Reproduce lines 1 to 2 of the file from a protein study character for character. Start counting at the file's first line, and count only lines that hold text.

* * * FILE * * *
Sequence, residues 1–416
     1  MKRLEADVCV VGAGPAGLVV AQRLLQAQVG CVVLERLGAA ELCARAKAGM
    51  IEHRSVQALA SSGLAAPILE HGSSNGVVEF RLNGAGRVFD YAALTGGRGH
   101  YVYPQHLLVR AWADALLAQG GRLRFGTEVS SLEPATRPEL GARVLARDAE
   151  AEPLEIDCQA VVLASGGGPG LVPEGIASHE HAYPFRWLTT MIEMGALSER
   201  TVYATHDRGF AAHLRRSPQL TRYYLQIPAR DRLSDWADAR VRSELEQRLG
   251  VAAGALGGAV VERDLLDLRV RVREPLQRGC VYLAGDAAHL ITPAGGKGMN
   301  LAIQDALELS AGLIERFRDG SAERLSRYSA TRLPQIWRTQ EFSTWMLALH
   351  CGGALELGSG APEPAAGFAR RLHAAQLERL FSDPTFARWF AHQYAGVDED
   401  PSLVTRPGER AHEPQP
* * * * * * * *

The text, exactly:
Sequence, residues 1–416
     1  MKRLEADVCV VGAGPAGLVV AQRLLQAQVG CVVLERLGAA ELCARAKAGM